Robocop, the remake of the eponymous 1987 cult film starring Peter Weller, is a mostly plotless, if visually almost decent, snoozefest. Set in the near future of 2028, it presents us with a dystopian world in which highly efficient robots, all built by the same multinational, Omnicorp, are keeping the streets outside America safe, but the Dreyfus Act stops the company from putting robots on US soil where crime is rampant.
Pat Novak (Samuel L. Jackson), a right-wing TV anchor, narrates the story’s framework through his show The Novak Element – an obvious and cheap shot at The Bill O’Reilly Factor on FOX News so much so it doesn’t deserve to be called satire. Novak constantly and openly manipulates the truth to fit his narrative but keeps failing and eventually simply descends into swearing.
Omnicorp is desperate to enter the lucrative market of America and put more merchandise on the street, but needs a product to sway the public’s opinion. Enter Detective Alex Murphy, who gets blown to pieces by Detroit’s most dangerous druglord. The head of Omnicorp, Raymond Sellars (Michael Keaton) and his PR manager (Jay Baruchel) talk wife Clara (Abbie Cornish) into letting them rebuild him as a robot with a human mind that the American people can rally behind.
Although Dr Norton (Gary Oldman) rewires Alex’s brain so the computer controls him and not the other way around, Alex – very predictably – almost immediately overrides the system and puts himself back in control. How he did it is a throwaway ‘I don’t have a clue’ line uttered by the doctor. Alex tracks down and kills his murderer within the space of five minutes (talk about “most dangerous druglord”) and then (in a twist so boring it’s hard not to fall asleep) realises that Sellars wasn’t the nice man he pretended to be.
That’s the entire film, right there, and it’s very hard to find any redeeming features. The plot is full of holes – Dr Norton and his assistant constantly talk about Alex’s heart rate, but when we see him without the suit it turns out he doesn’t actually have a heart anymore. The violence is bloodless and the effects look so much like a shoot-em-up computer game that you wish you had a controller to put some more action into those scenes.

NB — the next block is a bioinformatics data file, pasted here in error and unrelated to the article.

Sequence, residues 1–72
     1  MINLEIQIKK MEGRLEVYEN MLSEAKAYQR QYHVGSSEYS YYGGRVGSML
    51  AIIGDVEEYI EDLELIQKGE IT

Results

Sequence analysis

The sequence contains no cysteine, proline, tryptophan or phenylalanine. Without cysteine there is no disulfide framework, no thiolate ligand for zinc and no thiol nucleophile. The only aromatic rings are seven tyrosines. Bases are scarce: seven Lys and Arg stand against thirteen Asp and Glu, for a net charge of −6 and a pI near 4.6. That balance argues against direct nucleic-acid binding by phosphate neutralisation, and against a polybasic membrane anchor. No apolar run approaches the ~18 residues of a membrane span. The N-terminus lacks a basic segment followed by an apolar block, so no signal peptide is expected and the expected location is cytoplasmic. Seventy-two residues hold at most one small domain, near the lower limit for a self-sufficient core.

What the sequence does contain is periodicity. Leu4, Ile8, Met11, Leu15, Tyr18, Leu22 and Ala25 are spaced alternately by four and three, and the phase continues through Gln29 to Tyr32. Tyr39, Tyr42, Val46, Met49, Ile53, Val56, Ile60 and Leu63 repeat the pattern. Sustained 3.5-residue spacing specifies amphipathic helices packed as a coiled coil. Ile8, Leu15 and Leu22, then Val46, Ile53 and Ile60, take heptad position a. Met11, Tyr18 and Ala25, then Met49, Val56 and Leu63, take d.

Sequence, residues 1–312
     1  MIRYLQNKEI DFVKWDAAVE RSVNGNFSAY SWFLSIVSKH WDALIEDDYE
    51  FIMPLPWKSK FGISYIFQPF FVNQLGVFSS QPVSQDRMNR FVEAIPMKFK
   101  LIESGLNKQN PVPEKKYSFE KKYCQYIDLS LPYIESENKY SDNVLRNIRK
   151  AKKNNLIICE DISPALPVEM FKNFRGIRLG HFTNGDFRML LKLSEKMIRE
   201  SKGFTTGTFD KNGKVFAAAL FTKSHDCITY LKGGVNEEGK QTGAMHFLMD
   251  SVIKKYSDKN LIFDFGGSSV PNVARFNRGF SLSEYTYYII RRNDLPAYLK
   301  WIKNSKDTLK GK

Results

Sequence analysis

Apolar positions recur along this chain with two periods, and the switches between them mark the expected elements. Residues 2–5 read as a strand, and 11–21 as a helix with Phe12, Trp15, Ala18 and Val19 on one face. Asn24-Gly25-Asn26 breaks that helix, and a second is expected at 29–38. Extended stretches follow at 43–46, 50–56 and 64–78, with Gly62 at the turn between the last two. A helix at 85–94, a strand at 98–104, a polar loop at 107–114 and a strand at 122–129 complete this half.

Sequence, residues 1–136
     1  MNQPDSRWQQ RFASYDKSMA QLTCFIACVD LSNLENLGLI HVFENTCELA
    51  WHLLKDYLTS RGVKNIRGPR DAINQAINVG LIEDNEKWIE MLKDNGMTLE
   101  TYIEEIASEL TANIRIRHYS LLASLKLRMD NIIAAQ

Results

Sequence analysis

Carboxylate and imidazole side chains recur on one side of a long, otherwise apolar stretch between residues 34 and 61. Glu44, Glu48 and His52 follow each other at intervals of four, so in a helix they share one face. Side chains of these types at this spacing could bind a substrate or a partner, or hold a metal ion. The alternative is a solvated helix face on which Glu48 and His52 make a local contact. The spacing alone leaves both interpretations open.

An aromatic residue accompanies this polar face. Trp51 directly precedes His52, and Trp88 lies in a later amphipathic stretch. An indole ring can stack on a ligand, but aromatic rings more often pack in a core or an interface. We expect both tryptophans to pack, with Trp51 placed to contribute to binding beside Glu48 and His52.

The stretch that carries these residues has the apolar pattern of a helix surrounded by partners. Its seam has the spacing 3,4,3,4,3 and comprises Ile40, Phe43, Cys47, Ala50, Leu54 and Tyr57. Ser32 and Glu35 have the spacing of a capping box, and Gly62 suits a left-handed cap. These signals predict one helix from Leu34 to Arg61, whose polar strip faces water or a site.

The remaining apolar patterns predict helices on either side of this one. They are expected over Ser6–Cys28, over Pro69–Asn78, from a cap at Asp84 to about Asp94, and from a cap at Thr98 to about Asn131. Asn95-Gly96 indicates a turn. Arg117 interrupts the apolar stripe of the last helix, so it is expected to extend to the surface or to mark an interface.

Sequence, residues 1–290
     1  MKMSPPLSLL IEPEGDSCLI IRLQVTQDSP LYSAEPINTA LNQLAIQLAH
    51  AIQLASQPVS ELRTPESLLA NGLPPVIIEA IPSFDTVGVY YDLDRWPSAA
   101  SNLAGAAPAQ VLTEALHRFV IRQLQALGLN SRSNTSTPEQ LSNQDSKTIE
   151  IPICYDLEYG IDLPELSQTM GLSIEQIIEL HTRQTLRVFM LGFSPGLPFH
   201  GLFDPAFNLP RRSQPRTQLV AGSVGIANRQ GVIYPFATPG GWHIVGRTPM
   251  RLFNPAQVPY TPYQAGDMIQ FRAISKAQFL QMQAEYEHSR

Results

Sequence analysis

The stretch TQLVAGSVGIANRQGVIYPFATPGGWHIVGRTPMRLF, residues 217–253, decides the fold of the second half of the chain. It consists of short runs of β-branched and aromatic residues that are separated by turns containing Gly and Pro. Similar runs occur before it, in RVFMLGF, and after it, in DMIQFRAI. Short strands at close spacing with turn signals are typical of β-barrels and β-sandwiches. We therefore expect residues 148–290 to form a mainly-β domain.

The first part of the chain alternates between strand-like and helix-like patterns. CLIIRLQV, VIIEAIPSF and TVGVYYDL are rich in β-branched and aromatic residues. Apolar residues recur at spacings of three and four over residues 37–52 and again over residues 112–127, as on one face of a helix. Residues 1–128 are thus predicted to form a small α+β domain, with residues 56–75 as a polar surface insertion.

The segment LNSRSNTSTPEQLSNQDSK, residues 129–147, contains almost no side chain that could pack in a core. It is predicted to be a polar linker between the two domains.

It is actually sad to see Gary Oldman, Samuel L. Jackson and Abbie Cornish waste their time trying to pull out something of a script that really has no depth. It’s not entirely clear why anyone thought Jay Baruchel was a good casting choice, but he also doesn’t get any decent lines or character depth to maybe show some potential. Michael Keaton does his best, but the moments when he could have shined as the villain are all compressed into his final scene and that’s a very short one. Joel Kinnaman’s flat performance as the titular Robocop is entirely forgettable, which is actually not even the script’s fault.
The problem with Robocop isn’t that it’s a remake. The problem with Robocop is that it is a really bad film. The prescience of the original is entirely lost, because it’s almost two decades later and neither writer David Self nor director José Padilha bothered to really update the themes to the current climate. You could easily blame this on the fact that the film was watered down to a PG13 / 12A. You shouldn’t, because a lack of blood isn’t the film’s problem. The lack of a villain and the lack of a plot are.
Robocop starts off slowly, and then doesn’t gain momentum for its entire two-hour run. Where the trailer promised quick cuts and action, the movie has neither. The CGI is mostly nice to look at (although you can clearly see in which shots they saved money) but making everything look shiny and new doesn’t qualify as good – remake or not. There is a hint of an interesting question early on when they show the effects of replacing Alex’s body with a robot: are we just the thoughts in our brain or is the perception of ourselves based on our bodies? Unfortunately, that question vanishes as quickly from the screen as does the will to live from Gary Oldman’s eyes.
Robocop could have been a poignant analysis of today’s technologies and its political and moral implications. It could have been a great psychological drama about human consciousness. It could have been a violent action film with a lot of bloodshed. Really, it could have been all those things at once, but it is none of them.
In short, Robocop is already the frontrunner for the most predictable, least original film of the decade. If it will be remembered at all, it’ll simply be for how abysmal it was. Save your money, save your time and go see Inside Llewyn Davis or The Wolf of Wall Street instead.